By Jeffrey Overstreet
Have you ever become such an admirer of somebody that you made a fool of yourself over it?
I’ve been a raving psycho-fan at times. It began with life-sized “standees” of a particular pop star in my bedroom. Later, I snuck through a concert hall’s back door while a rock star did a sound-check. Years later, meeting Sam Phillips, I think I glimpsed a tremor of fear in her eyes as I raved about what her music has meant to me.
A few years ago, I saw how much worse it can get. A reader of my reviews started “ambushing” me in various locations. He’d spy on me, find out my favorite haunts, then wait for me there. Once during a downpour, he literally jumped out of the bushes; he’d been hiding there and hoping I’d pass by just so he could talk at me. When he started intruding at my office and annoying coworkers, I took strong measures to end it.
I’m glad I never reached that level of psychosis. I’ve learned a lot about restraint and courtesy by working as a journalist and interviewer. But sometimes I still want to know: What is the best way to be an admirer? How can a fan connect with his hero without embarrassing himself?
Let me congratulate Dmitry Trakovsky. Here’s a role model for how to be a super-fan.
Dmitry has a favorite filmmaker: the world-renowned and revered filmmaker Andrei Tarkovsky. And he had given his admiration a shape. At twenty-three years old, he made a documentary celebrating his hero. He’s currently presenting it at various festivals, special screenings, and Tarkovsky retrospectives around the world, and he’s taking orders for the DVD.
His film Meeting Andrei Tarkovsky—yes, a young man named Trakovsky has filmed a tribute to Tarkovsky—is more than a fan letter. What could have been a self-serving attempt to publicly connect himself with a great artist has become instead an artful and admirable work of “stalking.”
Now, don’t get me wrong: Andrei Tarkovsky died in 1986. So “stalking” the man who made Stalker, Solaris, Andrei Rublev, and The Sacrifice is tricky.
Dmitry does it by collecting the testimonies of Tarkovsky scholars, filmmakers who were influenced by his work, and some of his former collaborators and actors. He even interviews the famous director’s son.
Some may find Dmitry’s own presence in the film distracting—he frames the whole project as his own quest for deeper understanding—but I found it an effective decision. He’s inviting us on a journey with him, restraining himself to the role of a humble observer and student. He leaves the speeches, insights, and epiphanies to the experts. And they paint vivid, memorable pictures of the great Russian filmmaker.
But Dmitry goes beyond testimonies from “talking-heads.” He makes an admirable beginner’s attempt to practice the very filmmaking tactics that made the man he admires a great artist.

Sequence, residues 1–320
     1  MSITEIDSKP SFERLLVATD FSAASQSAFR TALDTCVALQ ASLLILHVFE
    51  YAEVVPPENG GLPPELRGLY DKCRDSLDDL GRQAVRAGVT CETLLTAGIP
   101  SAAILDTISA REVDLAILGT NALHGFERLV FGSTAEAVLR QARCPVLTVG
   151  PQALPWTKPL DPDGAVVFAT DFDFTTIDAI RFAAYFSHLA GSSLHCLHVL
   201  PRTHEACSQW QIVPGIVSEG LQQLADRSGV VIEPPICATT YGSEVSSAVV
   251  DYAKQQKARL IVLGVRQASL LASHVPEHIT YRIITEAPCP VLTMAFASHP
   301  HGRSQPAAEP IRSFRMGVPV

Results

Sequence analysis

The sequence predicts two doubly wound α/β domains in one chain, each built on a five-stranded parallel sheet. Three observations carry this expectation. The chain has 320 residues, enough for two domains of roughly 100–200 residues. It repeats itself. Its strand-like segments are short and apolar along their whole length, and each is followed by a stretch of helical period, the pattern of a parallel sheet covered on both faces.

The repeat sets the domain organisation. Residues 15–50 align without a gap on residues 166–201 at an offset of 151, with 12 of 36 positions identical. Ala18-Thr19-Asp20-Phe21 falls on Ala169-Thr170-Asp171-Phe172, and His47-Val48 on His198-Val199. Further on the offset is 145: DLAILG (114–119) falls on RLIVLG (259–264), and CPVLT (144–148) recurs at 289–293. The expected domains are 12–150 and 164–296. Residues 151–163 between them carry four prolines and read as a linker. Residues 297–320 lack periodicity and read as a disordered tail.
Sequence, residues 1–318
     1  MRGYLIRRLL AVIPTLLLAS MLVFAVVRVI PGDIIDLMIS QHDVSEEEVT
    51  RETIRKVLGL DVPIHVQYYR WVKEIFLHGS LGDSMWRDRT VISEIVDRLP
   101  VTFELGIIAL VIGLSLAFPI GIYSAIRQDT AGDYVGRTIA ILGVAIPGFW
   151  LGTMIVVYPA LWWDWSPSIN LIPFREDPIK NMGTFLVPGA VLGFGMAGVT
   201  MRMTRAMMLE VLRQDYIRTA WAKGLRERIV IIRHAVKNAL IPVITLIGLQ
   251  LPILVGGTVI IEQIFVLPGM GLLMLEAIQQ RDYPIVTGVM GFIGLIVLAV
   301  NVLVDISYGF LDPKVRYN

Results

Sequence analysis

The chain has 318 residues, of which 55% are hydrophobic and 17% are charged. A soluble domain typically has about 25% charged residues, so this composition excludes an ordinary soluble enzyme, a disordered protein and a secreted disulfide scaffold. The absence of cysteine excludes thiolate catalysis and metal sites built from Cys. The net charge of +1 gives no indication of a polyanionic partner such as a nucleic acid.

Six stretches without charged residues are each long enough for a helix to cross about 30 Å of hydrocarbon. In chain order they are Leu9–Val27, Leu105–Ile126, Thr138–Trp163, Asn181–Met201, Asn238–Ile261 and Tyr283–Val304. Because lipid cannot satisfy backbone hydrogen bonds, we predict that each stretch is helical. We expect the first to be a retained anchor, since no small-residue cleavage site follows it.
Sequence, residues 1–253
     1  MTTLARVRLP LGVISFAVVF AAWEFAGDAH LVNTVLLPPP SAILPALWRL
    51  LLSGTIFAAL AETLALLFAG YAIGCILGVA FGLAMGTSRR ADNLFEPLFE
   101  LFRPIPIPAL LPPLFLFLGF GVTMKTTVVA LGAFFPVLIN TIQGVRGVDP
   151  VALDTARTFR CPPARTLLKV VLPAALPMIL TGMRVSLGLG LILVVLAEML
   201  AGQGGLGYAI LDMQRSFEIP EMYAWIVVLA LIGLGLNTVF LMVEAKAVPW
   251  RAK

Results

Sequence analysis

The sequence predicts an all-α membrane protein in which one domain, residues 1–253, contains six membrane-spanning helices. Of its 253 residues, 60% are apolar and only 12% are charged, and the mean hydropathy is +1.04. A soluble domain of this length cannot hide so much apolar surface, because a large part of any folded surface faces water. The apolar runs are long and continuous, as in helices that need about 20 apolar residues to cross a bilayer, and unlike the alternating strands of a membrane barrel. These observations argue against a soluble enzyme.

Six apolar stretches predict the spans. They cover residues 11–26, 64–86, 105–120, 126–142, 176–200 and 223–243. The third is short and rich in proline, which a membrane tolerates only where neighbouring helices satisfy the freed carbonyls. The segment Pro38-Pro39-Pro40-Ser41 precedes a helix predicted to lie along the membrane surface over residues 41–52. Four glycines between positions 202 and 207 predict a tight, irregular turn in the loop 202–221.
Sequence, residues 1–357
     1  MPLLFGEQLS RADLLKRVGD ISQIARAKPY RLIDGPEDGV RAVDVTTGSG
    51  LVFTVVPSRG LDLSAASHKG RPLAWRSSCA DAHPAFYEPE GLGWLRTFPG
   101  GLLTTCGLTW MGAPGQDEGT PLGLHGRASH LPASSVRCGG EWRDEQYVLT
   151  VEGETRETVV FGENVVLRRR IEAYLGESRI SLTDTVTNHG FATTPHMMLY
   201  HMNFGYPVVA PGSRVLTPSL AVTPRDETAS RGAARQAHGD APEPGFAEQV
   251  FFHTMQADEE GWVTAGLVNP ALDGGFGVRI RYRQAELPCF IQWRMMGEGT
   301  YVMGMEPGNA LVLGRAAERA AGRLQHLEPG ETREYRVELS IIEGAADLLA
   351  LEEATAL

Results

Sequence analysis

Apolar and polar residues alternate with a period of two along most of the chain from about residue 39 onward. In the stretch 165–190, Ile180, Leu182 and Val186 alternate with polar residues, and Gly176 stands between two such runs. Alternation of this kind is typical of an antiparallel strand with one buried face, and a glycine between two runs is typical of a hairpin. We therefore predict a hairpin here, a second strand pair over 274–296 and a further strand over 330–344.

He says in an Artist’s Statement on his website, “As I shot...I would seek to capture the unique flow of time within my subject, instead of simply recording something for its representational significance alone. In this regard, luckily, I was assisted by each of my fifteen interviewees, all of whom spoke of Tarkovsky with unfeigned depth, sincerity, and emotion. Consequently, there are no talking heads in this movie, and meaning may just as often be found in between words as through them.”
Personally, I think he’s overstating it. There are a lot of “talking heads” in this movie. But the way Dmitry treats them makes this a fresh, compelling documentary. He is patient, using long takes, and letting his interviewees offer substantial testimonies. Further, he captures wonderful silences, interruptions, and environmental details. This allows viewers to make intuitive connections on their own, enriching the experience with more than mere information.
(He also captures one unbelievable moment of coincidence that may be the funniest accident I’ve ever seen in a documentary.)
It’s a very personal journey for Dmitry. He and his family emigrated from Russia to the U.S. in 1987, the year after Tarkovsky’s death to cancer. Dmitry first “fell in love” with the works of the great Russian filmmaker while he was studying medicine and Buddhism in college. So he set out to visit the important places in Tarkovsky’s life, hoping to understand better why he is so drawn to the master’s mysterious artistry, and to get a sense of what his legacy means in the world today.
He didn’t know how to start. “I wasn’t a filmmaker yet,” he confesses.
But when he traveled with his father to visit a monastery in Northern California, he began ruminating on how to approach a filmic tribute to Tarkovsky.
While he was discussing his idea with the abbot of the monastery, he made a startling discovery. “At that moment...there was another monk sitting in the corner of the room and reading some Byzantine text and eavesdropping. He raised his hand timidly and asked for permission to speak.... The abbot granted him permission. He said ‘Actually I became a monk because of Tarkovsky.’”
That led to the first of many revealing, astonishing conversations that now make up the chapters of the film Meeting Andrei Tarkovsky. Just as Dmitry was readying to head out in search of Tarkovsky’s ghost, it seems Tarkovsky’s ghost leapt out of the bushes to surprise him, and accompany him on his journey.
Who was stalking whom?
[In Part Two of this review, I’ll share some of the highlights of Dmitry’s search for Andrei Tarkovsky.]